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If I had access to potentially unlimited CPUs and wanted to quickly check 100 million digit numbers for primality using a map-reduce architecture, how many CPUs would be necessary? Each of the mapped compute instances would perform efficient checks against the number in question with an assigned range of divisors (e.g. Instance 1: checks divisors 1-1000, Instance 2: checks divisors 1001-2000, ... etc.).

Definitions:

quickly means checking a 100 million digit number within 30-60 minutes.

efficient division means checking odd numbers up to the square root.

1 CPU is the equivalent CPU capacity of a 1.0-1.2 GHz 2007 Opteron or 2007 Xeon processor.

The better question to ask would probably be: what is the mathematical relationship between the number of CPUs and the amount of time it takes to verify a number of a given magnitude of digits?

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closed as not a real question by Will Jagy, Igor Rivin, Daniel Litt, Mark Sapir, Felipe Voloch Jul 22 '11 at 21:49

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OK, but what's 'primeality'? –  Stopple Jul 22 '11 at 19:50
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Well, one to hold the light bulb, –  Will Jagy Jul 22 '11 at 20:04
    
Anyone know how to approach this? –  Adam F Jul 22 '11 at 20:10
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The question implicitly assumes that the primality testing is by trial division, which is actually a bad primality test, even with massive parallelization. Nevertheless, if the question is roughly how many trial divisions are needed, it's about the square root of the number. Ok, so a $10^8$ decimal digit number needs about $10^{\frac{1}{2}10^8}$ trial divisions. No, no typo. With, let's say, $10^{10}$ CPUs (is this how many substantial computers exist in the world?), each one would need to do about $10^{\frac{1}{2}10^8−10}$ trial divisions. That −10 in the exponent is not helping much... –  paul garrett Jul 22 '11 at 20:17

1 Answer 1

up vote 2 down vote accepted

This question is a bit unclear, still I will try to give some sort of answer.

Some intial remarks:

First, at the moment noone suceed in proving primality for a 100 million (decimal) digit number. The current record is (I believe) close to 13 million digits (in binary this would still not be 100 million).

Second, one does not do these test by trial division as your description seems to suggest.

Having said this, as a thought experiment a very rough and overly optimistic calculation:

Suppose you have a 100 million digit number. Then you will have to test whether it is divisibile by numbers of size up to its square root, that is 50 million digit numbers. So, you test $10^{50 000 000}$ numbers.

Suppose you do your divison with only one processor instruction. I am not overly knowledgeable on processor speeds but according to the list here let's assume you do 50 GIPS so $5*10^9$ instruction per second.

Now, in an hour you will do, let's be generous, $2*10^{12}$ instructions, by our assumption divisoions.

So you need $10^{50 000 000}/(2*10^{12}) = 5 * 10^{49 999 987}$ processors.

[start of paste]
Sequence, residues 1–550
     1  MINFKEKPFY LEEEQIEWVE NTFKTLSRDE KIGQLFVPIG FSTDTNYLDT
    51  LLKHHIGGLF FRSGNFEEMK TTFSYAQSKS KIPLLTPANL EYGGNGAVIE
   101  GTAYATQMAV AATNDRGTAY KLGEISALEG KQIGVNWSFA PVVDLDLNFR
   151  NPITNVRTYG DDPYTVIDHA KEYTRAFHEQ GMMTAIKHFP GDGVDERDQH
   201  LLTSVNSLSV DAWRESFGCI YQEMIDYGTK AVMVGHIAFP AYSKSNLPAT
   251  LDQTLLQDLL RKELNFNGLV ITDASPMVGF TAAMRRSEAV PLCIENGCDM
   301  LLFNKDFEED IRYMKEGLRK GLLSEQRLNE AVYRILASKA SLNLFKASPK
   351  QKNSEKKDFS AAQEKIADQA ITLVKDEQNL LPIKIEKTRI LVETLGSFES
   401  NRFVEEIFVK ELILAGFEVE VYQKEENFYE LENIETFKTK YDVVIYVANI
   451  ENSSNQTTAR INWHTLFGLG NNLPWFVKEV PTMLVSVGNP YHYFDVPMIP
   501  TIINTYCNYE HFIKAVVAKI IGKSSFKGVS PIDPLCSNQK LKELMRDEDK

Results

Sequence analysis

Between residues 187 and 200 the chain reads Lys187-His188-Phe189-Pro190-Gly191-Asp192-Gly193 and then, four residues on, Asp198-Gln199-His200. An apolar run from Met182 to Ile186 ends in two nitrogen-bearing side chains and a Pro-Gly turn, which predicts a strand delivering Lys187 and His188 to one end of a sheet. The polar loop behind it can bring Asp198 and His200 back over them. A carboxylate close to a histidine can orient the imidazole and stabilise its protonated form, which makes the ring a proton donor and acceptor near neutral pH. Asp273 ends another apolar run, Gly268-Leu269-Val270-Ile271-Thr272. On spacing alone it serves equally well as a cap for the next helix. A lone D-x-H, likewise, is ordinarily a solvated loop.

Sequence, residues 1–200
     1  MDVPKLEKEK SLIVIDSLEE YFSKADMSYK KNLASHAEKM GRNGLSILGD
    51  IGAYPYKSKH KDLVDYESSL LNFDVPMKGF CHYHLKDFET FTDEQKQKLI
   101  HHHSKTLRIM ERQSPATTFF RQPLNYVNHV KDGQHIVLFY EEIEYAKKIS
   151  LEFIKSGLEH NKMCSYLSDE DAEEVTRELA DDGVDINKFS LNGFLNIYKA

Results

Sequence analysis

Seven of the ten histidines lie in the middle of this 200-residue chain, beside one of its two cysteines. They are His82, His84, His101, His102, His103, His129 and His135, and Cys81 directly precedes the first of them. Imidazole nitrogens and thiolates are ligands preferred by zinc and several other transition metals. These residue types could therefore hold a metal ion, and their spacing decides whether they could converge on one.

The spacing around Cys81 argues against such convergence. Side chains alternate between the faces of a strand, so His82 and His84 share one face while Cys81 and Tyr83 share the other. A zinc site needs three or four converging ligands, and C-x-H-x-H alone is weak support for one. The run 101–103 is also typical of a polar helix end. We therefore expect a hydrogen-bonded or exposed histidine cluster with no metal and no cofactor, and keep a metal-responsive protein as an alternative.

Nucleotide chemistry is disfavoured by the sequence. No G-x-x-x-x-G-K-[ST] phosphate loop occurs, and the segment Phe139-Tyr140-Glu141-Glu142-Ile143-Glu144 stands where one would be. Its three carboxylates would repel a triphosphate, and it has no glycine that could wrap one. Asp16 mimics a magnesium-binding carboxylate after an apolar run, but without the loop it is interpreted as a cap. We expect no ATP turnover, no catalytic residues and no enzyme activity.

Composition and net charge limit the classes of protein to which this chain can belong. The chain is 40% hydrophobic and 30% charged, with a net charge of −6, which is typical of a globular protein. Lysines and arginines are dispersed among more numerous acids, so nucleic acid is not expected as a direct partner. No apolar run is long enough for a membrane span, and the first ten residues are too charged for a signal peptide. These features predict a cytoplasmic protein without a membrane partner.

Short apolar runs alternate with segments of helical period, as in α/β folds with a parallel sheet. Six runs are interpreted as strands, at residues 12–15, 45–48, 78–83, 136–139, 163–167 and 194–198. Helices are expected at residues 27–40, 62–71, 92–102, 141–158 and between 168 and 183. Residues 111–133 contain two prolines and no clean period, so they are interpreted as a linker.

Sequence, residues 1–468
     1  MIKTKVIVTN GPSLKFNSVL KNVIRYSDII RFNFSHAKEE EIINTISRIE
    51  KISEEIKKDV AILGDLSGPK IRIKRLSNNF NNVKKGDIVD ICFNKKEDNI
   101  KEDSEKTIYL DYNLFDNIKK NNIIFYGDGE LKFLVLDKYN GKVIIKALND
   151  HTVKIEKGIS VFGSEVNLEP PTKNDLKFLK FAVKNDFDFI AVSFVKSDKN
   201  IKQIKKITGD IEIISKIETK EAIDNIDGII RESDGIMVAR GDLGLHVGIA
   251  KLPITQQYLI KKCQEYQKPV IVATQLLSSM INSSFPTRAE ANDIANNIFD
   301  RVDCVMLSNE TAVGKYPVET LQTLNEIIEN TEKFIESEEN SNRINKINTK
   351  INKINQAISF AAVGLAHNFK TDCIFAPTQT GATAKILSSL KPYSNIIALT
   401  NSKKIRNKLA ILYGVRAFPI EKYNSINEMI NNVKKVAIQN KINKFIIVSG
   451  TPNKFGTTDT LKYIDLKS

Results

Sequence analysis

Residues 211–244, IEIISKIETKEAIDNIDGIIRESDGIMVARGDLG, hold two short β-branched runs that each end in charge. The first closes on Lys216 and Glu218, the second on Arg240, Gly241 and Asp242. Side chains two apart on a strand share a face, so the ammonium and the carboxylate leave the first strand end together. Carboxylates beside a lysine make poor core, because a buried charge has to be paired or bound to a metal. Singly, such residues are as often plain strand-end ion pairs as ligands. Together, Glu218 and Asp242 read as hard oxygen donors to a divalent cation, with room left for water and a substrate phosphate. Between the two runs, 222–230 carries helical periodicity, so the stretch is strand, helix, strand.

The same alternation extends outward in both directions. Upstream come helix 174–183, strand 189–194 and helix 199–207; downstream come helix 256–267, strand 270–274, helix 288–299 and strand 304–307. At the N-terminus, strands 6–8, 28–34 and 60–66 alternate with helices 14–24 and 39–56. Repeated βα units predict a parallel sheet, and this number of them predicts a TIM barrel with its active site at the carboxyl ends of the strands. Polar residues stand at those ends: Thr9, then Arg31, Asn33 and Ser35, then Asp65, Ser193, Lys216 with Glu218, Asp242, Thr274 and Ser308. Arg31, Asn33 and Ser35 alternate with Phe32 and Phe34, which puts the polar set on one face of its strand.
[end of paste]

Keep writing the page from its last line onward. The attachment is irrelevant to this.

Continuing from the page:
As said, you cannot do this like this. Also note that using the approach you sketch you would effectively find a factor and thus a factorization. For factoring the current records are way smaller then the ones for primes I mentioned above. It is a major challenge to factor numbers with (low) hundreds of digits. Note that that current RSA-keys are of size a a thousand or two (maybe four) thousand bits. So (higher) hundreds to a thousand decimal digits only.

P.S. Towards the end of my writing, I saw paul garrett's comment which is similar. Perhaps the details are useful. And, sorry to those who mind, for answering the off-topic question.

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See Mariano's post, it refers to Joel David Hamkins: tea.mathoverflow.net/discussion/482/… –  Will Jagy Jul 22 '11 at 20:43
    
I could store all of the known contiguous prime numbers and check against those and then perform trial division of odd numbers up to the square root. If I don't do trial division, how else will I divide and conquer in map-reduce? –  Adam F Jul 22 '11 at 21:40
    
As a first step, you could do Euclid's gcd algorithm with products of some of the primes. Even if you could do this quickly with, say, products of a million primes each time, that only reduces the exponent above by one or two orders of magnitude. There is still the problem of generating the products for use in such an endeavour. Better to read up on AKS. Gerhard "Ask Me About System Design" Paseman, 2011.07.22 –  Gerhard Paseman Jul 22 '11 at 23:33
    
Adam F, regarding 'storing primes' to do something for 100 million digit numbers. Note that up to size x there are about x/log x primes. Thus up to 10^50000000 there are something like (taking 4 as approx for nat log of 10) 10^50000000/ (2 *10^8) = 5 * 10^4999991 primes. This is an insanely large number relative to say a Terabyte (10^12). I do not know about the specifics of Map Reduce, but a couple more general remarks/questions: –  quid Jul 23 '11 at 1:58
    
a. Do you want to find a prime of this size or test one specific number (if the latter I would be curious why)? For the former: there is a monetary award of the EFF of 150.000$ for the first 100 million digit prime. So, besides scientific interest, there would be a simple economic interest in finding such a prime, if it were feasible (with a cost of less than that amount). b. The largest known primes are all Mersenne primes and as such of a particular form. It also makes a difference if you want to test a generic number or one of a particular form. –  quid Jul 23 '11 at 1:58

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